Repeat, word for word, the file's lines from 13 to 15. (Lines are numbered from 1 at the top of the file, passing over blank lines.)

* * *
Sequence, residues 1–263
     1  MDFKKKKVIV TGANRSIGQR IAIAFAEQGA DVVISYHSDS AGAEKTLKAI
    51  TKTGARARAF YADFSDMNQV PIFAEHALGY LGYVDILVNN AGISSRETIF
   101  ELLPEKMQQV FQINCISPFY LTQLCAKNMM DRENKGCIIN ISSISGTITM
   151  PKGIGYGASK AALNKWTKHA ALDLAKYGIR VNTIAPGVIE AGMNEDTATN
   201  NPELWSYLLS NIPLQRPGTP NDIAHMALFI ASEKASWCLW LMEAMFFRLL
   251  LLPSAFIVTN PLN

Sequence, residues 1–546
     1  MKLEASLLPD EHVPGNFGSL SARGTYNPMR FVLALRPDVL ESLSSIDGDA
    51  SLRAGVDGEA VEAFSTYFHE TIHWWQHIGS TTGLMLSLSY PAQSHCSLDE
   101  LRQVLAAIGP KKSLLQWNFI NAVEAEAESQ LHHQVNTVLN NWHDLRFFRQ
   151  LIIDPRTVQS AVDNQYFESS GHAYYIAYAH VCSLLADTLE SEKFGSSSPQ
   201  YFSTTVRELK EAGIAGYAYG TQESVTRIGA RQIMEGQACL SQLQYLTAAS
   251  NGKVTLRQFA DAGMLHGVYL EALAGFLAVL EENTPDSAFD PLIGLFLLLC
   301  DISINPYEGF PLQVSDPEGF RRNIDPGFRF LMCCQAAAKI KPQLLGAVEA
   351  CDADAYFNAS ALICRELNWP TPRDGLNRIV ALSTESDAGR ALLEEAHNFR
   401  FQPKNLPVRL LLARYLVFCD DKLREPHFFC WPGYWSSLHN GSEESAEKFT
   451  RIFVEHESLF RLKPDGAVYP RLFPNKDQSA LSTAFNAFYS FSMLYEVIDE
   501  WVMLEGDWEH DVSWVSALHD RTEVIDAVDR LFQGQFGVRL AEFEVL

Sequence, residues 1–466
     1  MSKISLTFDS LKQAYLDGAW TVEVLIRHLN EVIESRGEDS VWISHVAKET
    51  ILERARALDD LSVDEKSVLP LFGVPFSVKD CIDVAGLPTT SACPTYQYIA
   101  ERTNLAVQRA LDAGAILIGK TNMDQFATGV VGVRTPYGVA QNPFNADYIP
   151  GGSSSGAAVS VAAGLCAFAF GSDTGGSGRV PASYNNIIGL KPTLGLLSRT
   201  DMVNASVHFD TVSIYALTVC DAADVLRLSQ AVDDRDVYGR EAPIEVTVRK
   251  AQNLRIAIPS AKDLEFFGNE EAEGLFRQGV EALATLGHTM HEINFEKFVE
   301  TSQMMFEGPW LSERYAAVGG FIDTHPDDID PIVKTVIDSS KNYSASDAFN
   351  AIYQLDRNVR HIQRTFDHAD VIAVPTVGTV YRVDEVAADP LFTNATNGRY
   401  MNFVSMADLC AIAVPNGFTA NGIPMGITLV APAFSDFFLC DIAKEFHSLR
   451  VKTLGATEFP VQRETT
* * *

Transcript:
   201  YFSTTVRELK EAGIAGYAYG TQESVTRIGA RQIMEGQACL SQLQYLTAAS
   251  NGKVTLRQFA DAGMLHGVYL EALAGFLAVL EENTPDSAFD PLIGLFLLLC
   301  DISINPYEGF PLQVSDPEGF RRNIDPGFRF LMCCQAAAKI KPQLLGAVEA